Earlier this month, the State Education Department released results from the first standardized tests tied to the new Common Core standards adopted by over 40 states.
As predicted, scores dropped dramatically, the result of new tests … far more challenging standards … and the State’s rocky implementation that in many instances was so seriously flawed that students were tested on material they had not yet been taught.
Just as predictable were the hysterical headlines and the doomsday cries from self-proclaimed “reformers” who see this as an opportunity to profit off education. These deformers, as I like to call them, immediately began unpacking their snake-oil remedies. Claiming to speak for parents, they called for the firing of teachers, closing schools, opening “quick fix” charter schools and expanding “so called” choice.
The reality is that these test scores can be interpreted in many different ways, and the State has made clear that the scores represent a re-setting of the bar –– what they see as a new baseline –– and not a step backwards by students or teachers.
Also, the reality is that parents have spoken, and spoken in ways quite different from what critics allege. In fact, parents have a clear understanding of what’s going on. They know what works –– and they know what’s needed.
At school board meetings, in letters and petitions, in forum after forum –– and, joining with educators, 20,000 strong at the One Voice United rally in Albany back in June –– parents loudly denounced the trend toward an over-reliance on standardized testing. They spoke in one loud and clear voices calling for an investment in the time and tools needed to strengthen their own local schools.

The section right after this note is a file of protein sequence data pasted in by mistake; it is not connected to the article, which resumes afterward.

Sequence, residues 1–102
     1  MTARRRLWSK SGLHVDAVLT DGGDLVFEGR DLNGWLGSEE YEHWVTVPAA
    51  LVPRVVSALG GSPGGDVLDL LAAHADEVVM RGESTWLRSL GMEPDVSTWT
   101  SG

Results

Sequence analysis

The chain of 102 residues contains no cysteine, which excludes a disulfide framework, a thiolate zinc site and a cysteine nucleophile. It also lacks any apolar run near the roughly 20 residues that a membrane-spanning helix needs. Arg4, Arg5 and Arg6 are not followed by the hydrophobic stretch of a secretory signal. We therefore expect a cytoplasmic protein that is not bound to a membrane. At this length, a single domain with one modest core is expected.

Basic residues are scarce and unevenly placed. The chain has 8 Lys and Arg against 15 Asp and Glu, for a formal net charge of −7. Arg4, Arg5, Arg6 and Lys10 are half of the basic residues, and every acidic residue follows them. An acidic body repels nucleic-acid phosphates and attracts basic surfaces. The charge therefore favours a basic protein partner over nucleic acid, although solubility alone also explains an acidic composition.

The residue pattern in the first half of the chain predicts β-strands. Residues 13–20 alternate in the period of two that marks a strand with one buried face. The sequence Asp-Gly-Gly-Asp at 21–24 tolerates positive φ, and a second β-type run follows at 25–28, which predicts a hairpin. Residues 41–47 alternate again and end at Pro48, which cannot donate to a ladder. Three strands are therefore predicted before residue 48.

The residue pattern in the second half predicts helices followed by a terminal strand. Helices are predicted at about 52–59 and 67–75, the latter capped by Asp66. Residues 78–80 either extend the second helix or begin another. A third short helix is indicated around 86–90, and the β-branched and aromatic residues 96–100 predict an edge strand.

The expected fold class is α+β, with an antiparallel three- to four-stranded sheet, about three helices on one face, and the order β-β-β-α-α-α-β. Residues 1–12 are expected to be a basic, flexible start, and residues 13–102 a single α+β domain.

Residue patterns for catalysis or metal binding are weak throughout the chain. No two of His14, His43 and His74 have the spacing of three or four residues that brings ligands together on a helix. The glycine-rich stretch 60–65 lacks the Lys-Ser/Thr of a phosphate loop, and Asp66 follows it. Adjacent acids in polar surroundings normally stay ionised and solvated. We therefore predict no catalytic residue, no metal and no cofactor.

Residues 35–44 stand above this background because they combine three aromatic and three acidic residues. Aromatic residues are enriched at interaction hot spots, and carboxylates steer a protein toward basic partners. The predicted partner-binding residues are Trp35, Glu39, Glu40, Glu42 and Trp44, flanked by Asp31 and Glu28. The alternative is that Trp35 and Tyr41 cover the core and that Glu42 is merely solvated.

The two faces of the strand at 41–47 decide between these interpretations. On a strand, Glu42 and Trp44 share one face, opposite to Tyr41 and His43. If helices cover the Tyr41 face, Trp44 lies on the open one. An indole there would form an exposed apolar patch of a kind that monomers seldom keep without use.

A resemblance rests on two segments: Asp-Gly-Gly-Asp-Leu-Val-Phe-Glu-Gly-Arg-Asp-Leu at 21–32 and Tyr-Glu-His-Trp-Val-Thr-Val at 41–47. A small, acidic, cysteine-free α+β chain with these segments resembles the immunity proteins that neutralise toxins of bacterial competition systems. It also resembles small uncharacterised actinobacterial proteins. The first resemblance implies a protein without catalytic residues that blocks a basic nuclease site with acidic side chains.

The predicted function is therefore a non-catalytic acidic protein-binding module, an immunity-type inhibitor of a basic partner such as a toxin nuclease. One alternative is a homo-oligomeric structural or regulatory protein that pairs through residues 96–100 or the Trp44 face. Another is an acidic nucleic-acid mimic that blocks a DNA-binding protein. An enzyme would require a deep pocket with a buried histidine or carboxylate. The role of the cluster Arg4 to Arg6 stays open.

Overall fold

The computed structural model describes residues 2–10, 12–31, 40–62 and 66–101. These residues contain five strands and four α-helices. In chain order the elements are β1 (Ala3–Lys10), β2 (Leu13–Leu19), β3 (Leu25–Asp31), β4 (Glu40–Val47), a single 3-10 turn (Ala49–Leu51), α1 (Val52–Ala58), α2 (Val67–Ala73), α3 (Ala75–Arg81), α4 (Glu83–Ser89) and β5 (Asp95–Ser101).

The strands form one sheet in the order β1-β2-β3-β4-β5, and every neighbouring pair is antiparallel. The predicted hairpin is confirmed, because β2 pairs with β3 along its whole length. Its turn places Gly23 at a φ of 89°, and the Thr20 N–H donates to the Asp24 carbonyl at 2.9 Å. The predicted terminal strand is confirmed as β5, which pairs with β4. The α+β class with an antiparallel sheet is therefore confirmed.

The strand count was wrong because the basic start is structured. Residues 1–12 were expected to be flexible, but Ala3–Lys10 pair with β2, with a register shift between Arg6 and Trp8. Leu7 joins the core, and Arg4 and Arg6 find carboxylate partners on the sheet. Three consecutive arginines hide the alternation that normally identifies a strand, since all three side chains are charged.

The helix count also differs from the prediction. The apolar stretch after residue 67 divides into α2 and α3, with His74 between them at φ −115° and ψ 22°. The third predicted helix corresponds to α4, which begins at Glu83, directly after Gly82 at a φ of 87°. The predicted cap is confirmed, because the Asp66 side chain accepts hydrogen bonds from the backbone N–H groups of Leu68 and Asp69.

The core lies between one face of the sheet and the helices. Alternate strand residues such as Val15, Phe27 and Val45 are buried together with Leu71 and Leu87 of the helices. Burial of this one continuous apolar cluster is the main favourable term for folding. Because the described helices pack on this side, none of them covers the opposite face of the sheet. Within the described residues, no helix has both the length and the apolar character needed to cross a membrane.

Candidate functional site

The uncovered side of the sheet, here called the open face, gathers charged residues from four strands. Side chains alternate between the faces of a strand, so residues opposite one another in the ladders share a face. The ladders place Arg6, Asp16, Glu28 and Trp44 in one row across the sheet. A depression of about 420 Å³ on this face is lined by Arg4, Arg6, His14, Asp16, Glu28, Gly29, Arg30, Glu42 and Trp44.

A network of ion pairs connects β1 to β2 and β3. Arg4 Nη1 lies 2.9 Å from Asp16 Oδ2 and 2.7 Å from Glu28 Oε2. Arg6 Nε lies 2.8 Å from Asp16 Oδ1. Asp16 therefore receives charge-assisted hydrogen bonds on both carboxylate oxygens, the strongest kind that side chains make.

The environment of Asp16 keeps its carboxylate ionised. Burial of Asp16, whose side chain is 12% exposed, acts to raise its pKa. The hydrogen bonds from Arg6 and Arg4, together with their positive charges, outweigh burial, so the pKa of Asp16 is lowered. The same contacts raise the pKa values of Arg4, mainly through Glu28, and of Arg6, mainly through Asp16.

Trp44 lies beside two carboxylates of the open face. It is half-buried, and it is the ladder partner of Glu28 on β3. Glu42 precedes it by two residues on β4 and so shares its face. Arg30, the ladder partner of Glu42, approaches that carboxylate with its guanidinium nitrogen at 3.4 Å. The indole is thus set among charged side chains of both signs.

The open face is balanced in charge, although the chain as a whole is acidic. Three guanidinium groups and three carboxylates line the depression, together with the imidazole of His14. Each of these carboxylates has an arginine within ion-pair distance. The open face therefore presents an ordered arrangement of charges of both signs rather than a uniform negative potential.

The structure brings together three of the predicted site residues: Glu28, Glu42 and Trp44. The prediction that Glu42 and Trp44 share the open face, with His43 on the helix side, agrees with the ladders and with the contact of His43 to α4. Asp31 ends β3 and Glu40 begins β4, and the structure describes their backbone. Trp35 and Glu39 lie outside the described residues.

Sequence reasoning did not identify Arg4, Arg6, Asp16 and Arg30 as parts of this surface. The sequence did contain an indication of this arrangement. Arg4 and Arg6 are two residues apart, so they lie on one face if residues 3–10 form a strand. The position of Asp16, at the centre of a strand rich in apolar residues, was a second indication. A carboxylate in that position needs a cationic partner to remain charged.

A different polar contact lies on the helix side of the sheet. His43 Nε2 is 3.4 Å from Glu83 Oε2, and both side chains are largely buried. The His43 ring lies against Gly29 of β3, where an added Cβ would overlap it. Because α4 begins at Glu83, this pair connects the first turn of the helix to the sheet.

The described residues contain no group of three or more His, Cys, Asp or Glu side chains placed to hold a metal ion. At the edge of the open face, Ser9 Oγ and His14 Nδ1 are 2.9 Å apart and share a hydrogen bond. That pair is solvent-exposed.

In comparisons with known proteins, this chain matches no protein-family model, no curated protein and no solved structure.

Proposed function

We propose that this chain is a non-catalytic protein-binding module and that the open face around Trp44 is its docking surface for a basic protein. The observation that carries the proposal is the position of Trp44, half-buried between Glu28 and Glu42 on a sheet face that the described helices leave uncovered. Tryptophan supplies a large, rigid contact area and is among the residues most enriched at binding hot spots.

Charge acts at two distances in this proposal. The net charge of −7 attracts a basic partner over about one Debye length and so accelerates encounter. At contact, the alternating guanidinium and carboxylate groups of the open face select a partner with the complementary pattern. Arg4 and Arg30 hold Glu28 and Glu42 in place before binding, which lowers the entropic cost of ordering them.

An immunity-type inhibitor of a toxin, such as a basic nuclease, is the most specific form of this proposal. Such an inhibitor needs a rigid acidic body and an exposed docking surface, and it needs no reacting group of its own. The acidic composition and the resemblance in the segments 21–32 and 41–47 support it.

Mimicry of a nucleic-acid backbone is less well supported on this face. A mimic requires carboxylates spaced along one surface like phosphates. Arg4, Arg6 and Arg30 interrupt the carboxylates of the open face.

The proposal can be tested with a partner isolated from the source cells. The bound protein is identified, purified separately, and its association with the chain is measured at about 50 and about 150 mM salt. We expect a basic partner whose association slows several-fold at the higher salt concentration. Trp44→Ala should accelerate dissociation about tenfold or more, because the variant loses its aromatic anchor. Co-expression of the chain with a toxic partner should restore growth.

And a new national poll validates what we’ve been hearing in New York.
Parents overwhelmingly believe that public schools are the most important institution for the future of their communities and the nation. By wide margins they choose strong neighborhood schools over any of the alternatives pushed by the privateers and profiteers, rejecting more charter schools, vouchers and budget cuts.
In fact, 77 percent of parents choose investing more in public education to make their public schools stronger and safer. With respect to standardized testing, 60 percent feel that there is already way too much time and energy devoted to testing and not enough time spent on educating the whole child. They stand firmly with teachers in supporting smaller classes with more individual attention for their children; greater access to the arts, music and extracurricular activities; and they oppose spending cuts that have slashed billions of dollars from education.
Parents and teachers believe in the promise of public education: helping all children reach their dreams. They know that strong public schools are a necessity if our state and national economy is going to be strong in the years to come … and parents clearly see that strong public schools for all children is a basic civil right.
Working together, parents and teachers are –– and will continue to be –– an unstoppable force to fulfill the promise of public education as a pathway to opportunity for all children. What’s needed now is for New York State to stop looking toward the so-called reformers—and start listening to parents, teachers and the educational community. In other words to start getting it right!
Richard C. Iannuzzi is president of the 600,000-member New York State United Teachers.
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